India’s first space-based solar observatory, Aditya-L1, has successfully reached its final destination orbit around the Sun-Earth Lagrange point 1 (L1) on Saturday, January 6, 2024. The Indian Space Research Organisation (ISRO) performed the final manoeuvre to inject the spacecraft into a halo orbit around L1, where it will study the Sun’s corona, photosphere, chromosphere, and solar wind.
Aditya-L1 mission overview
Aditya-L1 is a 400-kg spacecraft that carries seven scientific payloads to observe various aspects of the Sun. It was launched on September 2, 2023, aboard the Polar Satellite Launch Vehicle (PSLV-C57) from the Satish Dhawan Space Centre in Sriharikota. The spacecraft travelled about 1.5 million kilometres from the Earth over 125 days to reach the L1 point, where the gravitational forces of the Sun and the Earth are balanced.
The L1 point is a vantage point for observing the Sun, as it offers a continuous view of the solar disc without any occultation by the Earth or the Moon. Aditya-L1 will be the first Indian spacecraft to be placed in a halo orbit around L1, which is a circular orbit with a radius of about 50,000 km. The spacecraft will orbit L1 once every six months, while maintaining its orientation towards the Sun.
Aditya-L1 scientific objectives and payloads
The main objective of Aditya-L1 is to study the Sun’s corona, which is the outermost layer of the solar atmosphere that extends millions of kilometres into space. The corona is the source of the solar wind, which is a stream of charged particles that affects the Earth’s magnetosphere and climate. The corona also produces coronal mass ejections (CMEs), which are huge eruptions of plasma and magnetic fields that can cause geomagnetic storms and disrupt communication and navigation systems on Earth.
Aditya-L1 will also study the Sun’s photosphere and chromosphere, which are the inner layers of the solar atmosphere that emit visible and ultraviolet light, respectively. The photosphere and chromosphere are the regions where the Sun’s magnetic fields emerge and interact, creating sunspots, flares, and other phenomena. Aditya-L1 will also measure the solar wind and the magnetic field in the vicinity of the spacecraft.
The seven scientific payloads on board Aditya-L1 are:
- Visible Emission Line Coronagraph (VELC): This is the main payload of the mission, which will image the corona in visible light and perform spectroscopy and polarimetry to measure the temperature, density, velocity, and magnetic field of the coronal plasma.
- Solar Ultraviolet Imaging Telescope (SUIT): This payload will image the photosphere and chromosphere in ultraviolet wavelengths, and monitor the variations in solar irradiance that affect the Earth’s climate.
- Solar Low Energy X-ray Spectrometer (SoLEXS): This payload will measure the soft X-ray emission from the Sun, which is an indicator of the solar activity and flares.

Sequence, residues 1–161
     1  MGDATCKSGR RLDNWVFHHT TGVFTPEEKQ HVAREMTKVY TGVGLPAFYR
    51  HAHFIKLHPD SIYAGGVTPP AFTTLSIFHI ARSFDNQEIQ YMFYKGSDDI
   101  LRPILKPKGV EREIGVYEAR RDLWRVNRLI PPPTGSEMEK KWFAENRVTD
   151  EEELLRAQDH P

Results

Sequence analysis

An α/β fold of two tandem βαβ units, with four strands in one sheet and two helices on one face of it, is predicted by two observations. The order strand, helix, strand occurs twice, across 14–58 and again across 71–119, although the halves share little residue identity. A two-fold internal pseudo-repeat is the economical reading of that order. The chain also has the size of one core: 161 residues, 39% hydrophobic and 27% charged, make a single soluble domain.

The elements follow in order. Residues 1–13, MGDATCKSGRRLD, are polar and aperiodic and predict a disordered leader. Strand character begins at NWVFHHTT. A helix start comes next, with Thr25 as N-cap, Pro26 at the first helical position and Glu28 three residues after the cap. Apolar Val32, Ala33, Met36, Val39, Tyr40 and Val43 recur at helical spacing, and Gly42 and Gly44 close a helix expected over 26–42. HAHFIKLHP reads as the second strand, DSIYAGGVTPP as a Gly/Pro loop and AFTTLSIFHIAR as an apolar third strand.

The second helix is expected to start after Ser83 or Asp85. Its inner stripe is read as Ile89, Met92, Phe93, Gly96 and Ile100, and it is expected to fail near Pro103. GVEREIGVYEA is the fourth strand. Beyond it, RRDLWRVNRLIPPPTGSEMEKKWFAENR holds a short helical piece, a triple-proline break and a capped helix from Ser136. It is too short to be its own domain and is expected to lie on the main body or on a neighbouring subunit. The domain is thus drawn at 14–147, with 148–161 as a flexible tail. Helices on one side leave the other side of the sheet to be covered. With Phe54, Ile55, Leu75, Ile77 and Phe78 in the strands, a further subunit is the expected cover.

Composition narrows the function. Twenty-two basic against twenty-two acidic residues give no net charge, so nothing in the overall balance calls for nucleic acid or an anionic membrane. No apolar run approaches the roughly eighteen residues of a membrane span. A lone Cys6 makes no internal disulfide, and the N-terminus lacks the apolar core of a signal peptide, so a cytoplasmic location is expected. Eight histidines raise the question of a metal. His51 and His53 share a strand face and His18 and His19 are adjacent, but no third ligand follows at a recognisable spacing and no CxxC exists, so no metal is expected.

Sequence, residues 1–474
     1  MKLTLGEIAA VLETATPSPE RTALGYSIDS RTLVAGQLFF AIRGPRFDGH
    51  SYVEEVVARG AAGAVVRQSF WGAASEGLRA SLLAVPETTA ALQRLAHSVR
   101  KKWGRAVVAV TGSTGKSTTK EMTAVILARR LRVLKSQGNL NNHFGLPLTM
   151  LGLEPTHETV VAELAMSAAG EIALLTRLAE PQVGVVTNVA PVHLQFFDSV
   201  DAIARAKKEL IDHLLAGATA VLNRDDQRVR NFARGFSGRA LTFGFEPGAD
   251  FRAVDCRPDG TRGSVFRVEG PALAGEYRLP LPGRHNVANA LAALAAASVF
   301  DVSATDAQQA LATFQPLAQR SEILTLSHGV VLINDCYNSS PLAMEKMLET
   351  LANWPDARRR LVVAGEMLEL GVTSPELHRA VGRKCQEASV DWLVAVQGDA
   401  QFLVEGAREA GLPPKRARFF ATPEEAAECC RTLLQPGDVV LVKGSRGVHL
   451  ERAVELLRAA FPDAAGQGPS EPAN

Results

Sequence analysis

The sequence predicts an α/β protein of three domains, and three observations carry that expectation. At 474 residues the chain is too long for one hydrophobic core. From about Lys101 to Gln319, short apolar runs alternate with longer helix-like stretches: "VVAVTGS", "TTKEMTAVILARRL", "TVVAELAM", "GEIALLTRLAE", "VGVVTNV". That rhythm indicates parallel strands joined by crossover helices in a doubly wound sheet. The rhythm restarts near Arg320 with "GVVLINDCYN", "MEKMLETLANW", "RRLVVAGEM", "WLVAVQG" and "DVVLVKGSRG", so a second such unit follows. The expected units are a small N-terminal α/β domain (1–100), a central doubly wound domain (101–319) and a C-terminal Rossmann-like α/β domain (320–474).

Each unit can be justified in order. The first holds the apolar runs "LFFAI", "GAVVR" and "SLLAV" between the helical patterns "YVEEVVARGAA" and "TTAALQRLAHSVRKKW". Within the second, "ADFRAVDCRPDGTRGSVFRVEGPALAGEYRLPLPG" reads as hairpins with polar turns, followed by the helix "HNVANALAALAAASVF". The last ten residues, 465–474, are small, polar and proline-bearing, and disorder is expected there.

- High Energy L1 Orbiting X-ray Spectrometer (HEL1OS): This payload will measure the hard X-ray emission from the Sun, which is associated with high-energy processes and CMEs.
- Aditya Solar wind Particle Experiment (ASPEX): This payload will measure the solar wind protons and heavier ions with their directions, and study their origin and acceleration mechanisms.
- Plasma Analyser Package for Aditya (PAPA): This payload will measure the solar wind electrons and heavier ions with their directions, and study their distribution and dynamics.
- Advanced Tri-axial High Resolution Digital Magnetometers: This payload will measure the in-situ magnetic field in three directions, and study its variations and interactions with the solar wind.
Aditya-L1 mission significance and challenges
Aditya-L1 is a milestone mission for India, as it will provide valuable data and insights into the Sun and its influence on the Earth and the solar system. The mission will also contribute to the international efforts to understand the Sun and its variability, and to improve the space weather forecasting capabilities. Aditya-L1 will also demonstrate India’s technological prowess and scientific potential in the field of solar physics.
The mission, however, is not without challenges. The spacecraft will have to withstand the harsh environment of space, especially the intense radiation and thermal fluctuations near the Sun. The spacecraft will also have to maintain its orientation and communication with the Earth, while orbiting L1. The mission will also require a high level of coordination and collaboration among the various ISRO centres and institutes involved in the design, development, launch, and operation of the spacecraft and its payloads.
ISRO Chairman S. Somanath congratulated the Aditya-L1 team for achieving the final orbit insertion and said that the mission is a proud moment for the country. He said that the spacecraft is in good health and that the payloads will be switched on and calibrated in the coming days. He also thanked the scientific community and the public for their support and interest in the mission.